Brands should act more like people

We can’t avoid brands interfering in our daily newsfeed on social media. A ‘like’ here, a ‘like’ there and suddenly all kinds of brands have found their way to your personal social routines. Now your screen features discount offers, product information and purchase invitations to all sorts of products. In my opinion, that’s not what social media is all about. I miss the dialogue and a truly social behaviour by the brands. But what does it really mean to be “social”? For the brands, being “social” often focuses on one thing: More likes, more fans and ultimately a higher turnover.

But why? Why is it that brands expect to increase their ROI by entering the social media landscape? Because it’s a new channel they feel compelled to use? Or because they, in reality, want to make the brand truly sociable? Sociability creates bonds between people – and possibly between people and brands. But it doesn’t make you sociable just being in social media.

You’ve tried it a hundred times. You find yourself glancing at a brand’s Facebook page. It’s filled with product information, competitions and unanswered questions in the brand’s attempt to kick-start some activity and dialogue with its fans. Instead, the brand should start acting more like people. For example: Know your fans as something else than demographic clusters. “25 to 45-year-old women.” That’s not how you would describe a friend, is it? Sociability entails human behaviour and for that reason true sociability is more than a mere technology adoption.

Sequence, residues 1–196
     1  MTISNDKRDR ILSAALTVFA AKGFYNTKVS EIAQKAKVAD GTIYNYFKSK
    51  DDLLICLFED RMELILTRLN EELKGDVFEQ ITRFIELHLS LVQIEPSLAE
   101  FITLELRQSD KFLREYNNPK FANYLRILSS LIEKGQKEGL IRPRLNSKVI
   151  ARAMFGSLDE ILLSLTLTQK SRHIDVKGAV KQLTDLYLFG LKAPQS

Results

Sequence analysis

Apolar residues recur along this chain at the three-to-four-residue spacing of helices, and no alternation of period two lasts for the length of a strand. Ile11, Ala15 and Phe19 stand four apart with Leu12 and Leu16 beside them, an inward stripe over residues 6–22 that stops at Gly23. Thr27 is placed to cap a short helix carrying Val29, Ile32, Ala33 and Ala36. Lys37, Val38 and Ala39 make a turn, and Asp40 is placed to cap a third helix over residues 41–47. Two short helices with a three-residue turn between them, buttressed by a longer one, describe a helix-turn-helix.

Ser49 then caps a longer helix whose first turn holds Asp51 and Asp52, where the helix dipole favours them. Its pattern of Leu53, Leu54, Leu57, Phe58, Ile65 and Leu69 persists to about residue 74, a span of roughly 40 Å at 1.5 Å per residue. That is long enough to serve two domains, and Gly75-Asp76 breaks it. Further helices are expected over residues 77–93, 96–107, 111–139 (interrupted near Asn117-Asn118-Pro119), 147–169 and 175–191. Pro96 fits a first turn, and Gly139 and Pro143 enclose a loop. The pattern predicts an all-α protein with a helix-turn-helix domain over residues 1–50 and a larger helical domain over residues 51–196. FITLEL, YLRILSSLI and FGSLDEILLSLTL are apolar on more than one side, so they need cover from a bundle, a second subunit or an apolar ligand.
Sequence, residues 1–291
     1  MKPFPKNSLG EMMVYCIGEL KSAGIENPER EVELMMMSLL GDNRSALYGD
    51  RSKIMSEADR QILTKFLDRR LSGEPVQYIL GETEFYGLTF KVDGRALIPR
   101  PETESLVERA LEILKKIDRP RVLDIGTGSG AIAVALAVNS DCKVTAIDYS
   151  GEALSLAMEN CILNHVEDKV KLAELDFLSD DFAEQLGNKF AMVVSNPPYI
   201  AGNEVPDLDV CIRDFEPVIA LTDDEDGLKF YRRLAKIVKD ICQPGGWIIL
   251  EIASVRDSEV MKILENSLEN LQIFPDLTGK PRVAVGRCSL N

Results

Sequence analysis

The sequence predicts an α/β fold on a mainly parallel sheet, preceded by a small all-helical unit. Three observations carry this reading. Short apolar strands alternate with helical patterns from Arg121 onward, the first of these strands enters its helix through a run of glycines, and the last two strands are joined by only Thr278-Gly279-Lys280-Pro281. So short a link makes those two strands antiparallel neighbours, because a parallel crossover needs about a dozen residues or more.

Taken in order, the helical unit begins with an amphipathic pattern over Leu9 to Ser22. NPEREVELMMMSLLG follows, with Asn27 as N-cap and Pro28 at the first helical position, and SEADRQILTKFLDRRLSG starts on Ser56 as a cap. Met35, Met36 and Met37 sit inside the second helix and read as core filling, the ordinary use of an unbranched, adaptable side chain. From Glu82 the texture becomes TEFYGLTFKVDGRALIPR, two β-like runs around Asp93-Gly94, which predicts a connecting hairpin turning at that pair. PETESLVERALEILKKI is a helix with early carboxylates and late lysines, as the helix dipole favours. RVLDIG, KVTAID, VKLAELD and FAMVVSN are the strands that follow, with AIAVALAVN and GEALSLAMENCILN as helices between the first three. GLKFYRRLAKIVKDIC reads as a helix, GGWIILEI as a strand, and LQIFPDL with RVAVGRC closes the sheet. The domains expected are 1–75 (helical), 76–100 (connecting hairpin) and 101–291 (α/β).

Take for instance; in a group of friends outside of the social media scene, people know each other. They’re being social together and they foster a great energy and dynamic between them. In doing so, they pull other people toward them. But they are all aware of their own personal role or value in the group and because of that their conversations seek to maximize each person’s potential energy or impact. But what about brands? How many of them know the people in their circle? The people who buy their product? The people in their communities? We need to get better at really knowing people as people. Especially in social media. So you’ve gained fans. But do you know them? Are they the people you want as fans? What do they like? What’s their role in your group? And their value?

Ford is an example of a brand that puts customers first. In their new program “Ford Social” the fans submit their stories and ideas to Ford and the community. Through this, Ford can really get to know their fans. Not only do they know what car people bought – but why they’re important to them and what stories go alongside with the purchase. That’s inspiration right there!

So being sociable means having to understand not just how many fans you have, but who they are and what role they can play in your social universe. Dive in, pay attention to what they’re talking about and be interested! Even though it takes effort, brands have the opportunity to truly have a conversation and learn more about their fans in the process. Like a real friendship. And in doing so, they can push beyond the simple thought of the ROI of gaining a fan.

What do you think? Do you know a brand that acts more like people?

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